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Lecture 15

Tuesday, Oct 30/2012 - Lecture 15
Tuesday, Oct 30/2012 - Lecture 15

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University of Guelph
PSYC 2330
Francesco Leri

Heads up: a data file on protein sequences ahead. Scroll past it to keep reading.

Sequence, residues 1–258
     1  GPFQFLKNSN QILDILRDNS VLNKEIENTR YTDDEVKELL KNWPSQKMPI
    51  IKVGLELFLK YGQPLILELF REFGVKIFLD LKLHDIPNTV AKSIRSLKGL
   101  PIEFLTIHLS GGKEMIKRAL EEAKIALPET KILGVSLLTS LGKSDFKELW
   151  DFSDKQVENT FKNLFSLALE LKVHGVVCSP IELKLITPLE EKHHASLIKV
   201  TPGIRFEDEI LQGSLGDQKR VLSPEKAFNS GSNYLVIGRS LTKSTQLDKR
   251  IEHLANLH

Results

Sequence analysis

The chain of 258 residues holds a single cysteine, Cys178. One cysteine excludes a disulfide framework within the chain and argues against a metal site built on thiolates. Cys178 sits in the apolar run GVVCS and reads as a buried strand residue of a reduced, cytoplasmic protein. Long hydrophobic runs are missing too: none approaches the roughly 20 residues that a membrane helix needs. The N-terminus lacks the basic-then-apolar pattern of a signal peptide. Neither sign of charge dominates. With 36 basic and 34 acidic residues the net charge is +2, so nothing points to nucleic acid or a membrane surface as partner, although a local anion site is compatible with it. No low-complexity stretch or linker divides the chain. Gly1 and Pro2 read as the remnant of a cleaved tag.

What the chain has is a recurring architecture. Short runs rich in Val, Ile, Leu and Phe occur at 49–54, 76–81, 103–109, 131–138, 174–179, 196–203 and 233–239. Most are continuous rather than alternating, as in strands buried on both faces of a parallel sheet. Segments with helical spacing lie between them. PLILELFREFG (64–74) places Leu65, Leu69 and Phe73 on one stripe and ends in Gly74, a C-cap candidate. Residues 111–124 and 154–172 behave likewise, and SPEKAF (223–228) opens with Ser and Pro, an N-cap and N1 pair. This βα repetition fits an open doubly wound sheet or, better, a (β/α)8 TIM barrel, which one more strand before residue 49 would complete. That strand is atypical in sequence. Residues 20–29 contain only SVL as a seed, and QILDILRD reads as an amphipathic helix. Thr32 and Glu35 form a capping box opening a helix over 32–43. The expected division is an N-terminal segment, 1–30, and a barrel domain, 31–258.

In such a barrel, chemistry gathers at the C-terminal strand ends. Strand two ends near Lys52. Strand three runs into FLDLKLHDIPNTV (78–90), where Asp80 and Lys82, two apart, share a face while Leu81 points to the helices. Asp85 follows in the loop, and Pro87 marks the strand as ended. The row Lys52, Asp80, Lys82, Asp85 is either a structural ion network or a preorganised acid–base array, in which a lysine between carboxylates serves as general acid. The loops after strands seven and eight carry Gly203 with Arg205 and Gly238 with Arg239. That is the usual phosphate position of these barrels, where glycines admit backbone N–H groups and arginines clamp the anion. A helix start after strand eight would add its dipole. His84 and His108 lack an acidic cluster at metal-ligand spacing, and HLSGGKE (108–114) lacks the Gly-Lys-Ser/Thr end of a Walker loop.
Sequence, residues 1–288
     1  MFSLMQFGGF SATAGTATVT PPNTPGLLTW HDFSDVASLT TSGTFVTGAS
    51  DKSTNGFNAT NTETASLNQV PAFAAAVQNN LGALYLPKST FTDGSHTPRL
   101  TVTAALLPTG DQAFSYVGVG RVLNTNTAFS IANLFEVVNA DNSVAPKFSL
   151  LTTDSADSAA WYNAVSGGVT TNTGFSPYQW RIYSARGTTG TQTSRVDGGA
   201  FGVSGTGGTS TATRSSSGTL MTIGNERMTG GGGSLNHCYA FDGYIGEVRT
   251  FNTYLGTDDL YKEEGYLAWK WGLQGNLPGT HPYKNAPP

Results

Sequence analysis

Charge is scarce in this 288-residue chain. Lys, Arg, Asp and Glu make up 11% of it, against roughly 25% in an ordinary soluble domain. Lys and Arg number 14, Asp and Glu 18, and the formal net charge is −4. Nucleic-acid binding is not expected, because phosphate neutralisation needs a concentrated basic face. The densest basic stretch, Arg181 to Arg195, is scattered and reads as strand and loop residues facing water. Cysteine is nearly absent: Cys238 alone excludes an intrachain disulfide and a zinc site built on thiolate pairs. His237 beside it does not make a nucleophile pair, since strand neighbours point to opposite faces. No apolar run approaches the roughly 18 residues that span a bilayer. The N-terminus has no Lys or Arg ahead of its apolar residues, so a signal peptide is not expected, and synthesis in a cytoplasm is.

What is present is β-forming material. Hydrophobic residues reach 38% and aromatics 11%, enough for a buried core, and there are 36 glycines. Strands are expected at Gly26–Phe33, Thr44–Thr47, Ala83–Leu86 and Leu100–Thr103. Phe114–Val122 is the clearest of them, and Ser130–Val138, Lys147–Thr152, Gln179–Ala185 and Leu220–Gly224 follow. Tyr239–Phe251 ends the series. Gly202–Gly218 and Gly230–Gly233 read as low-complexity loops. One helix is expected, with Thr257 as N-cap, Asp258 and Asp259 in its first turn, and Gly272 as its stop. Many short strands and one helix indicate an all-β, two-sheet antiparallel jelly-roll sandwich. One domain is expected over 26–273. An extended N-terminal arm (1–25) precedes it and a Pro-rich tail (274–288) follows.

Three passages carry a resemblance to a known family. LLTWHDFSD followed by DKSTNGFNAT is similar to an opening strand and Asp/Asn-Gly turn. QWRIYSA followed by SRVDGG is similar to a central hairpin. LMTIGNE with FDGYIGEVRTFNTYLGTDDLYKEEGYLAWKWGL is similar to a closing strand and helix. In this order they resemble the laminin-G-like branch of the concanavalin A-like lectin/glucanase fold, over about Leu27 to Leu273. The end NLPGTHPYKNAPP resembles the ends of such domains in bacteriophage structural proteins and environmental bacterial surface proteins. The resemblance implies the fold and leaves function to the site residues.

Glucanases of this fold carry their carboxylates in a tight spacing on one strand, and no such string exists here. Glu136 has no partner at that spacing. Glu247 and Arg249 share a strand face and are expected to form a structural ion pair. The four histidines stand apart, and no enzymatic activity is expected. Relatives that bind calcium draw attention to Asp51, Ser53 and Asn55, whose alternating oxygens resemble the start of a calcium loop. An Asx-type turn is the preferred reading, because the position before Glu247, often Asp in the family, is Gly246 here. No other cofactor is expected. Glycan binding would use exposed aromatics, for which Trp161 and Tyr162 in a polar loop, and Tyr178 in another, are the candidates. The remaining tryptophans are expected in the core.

Tuesday, October 30 2012 PSYC 2330 Lecture 14 Conditioned Motivation • Stimuli without motivational value that are present when a stimuli that is motivationally important is presented acquire motivational value • Reinforcer causes a neutral stimulus to become a salient stimulus (ie.Astimulus that elicits emotion and behaviour) • Motivation is the combination of behaviour and emotion • Behaviour – approaching vs.Avoiding (Wanting vs. Not wanting) Measure of Liking • Taste like and dislike • Common facial reaction to liked and disliked tastes across humans, primates and rats • Facial reactions have been taken to indicate liking or disliking • How do you measure wanting? ◦ Approach behaviour ◦ If you eat a food, you must want it ◦ If you do not eat a food, you must not want it • These two components often go together, but are actually different. Often food that produces liking responses also produces wanting behaviour • Critical characterisitic of addiction is the desire to stop drugs, but they continue to use those substances ◦ Individuals will say they don't like the drugs that they don't enjoy using them but are nevertheless incapable of stopping Dopamine and Wanting...But not liking! • 6-Hydroxydopamine lesions to the VTA produced severe aphagia • Produces specific dopaminergic lesions • If you make large bilateral lesions of this kind you get an animal that will not eat, not drink, not have sex and will not initiate motivational behaviour • Goal-oriented behaviour almost completely disappears • Aphagia – they don't eat • They can move. • It's not that they are incapable of eating, it is that they are not motivated to approach the food • The dopamine system is responsible for controlling the motivational behaviour (but not liking response) However • If you place something sweet in their mouth, they show the same liking reactions • If you place bitter food in their mouth, they show the same disgust reactions • Rats showed the normal hedonic reactions to food placed in their mouth/on the tongue • There are different areas of the brain that process the hedonic value of the stimuli and separate areas of the brain that process the motivational value of the stimuli • Regions that are involved in liking overlap with regions involve in motivated behaivour but rely on the endorphin class of neurotransmitters rather than the dopamine class Positive Reinforcement • Presentation of a stimulus which increases the frequency of the behaviour • Positive does not refer to whether you like it or not Effectiveness of Reinforcement • Drive • Incentive value of S* ◦ If you've just consumed your favourite food, it is unlikely that presenting you with your favourite food will be as motivating than if you haven't had it for a long time • Delay of reinforcement ◦ Delay between CS and US does not facilitate learning ◦ The more the delay the less the learning • Stimulus control • Schedule of reinforcement Delay of Reinforcement • Stimuli in the start box and delay box come to elicit the goal response • Food (stimulus = goal stimulus = sG) • RG = goal response (any reactions in the goal box) • goal response = fractionaly anticipatory goal responses ◦ 1. Energizes behaviour ◦ 2. Fractional goal response (rG) -------> goal stimulus (sG) ◦ 3. Goal stimulus (sG) guide behaviour • Goal stimulus (sG) can also serve as conditioned reinforcers because of their contiguous association with goal stimulus (sG) (i.e. The S*) • The animal is using Pavolovian cues as reinforcers ◦ These pavlovian clues can fill the gap of time and still allow the animal to make the link between the operation and the reinforcer • Conditio
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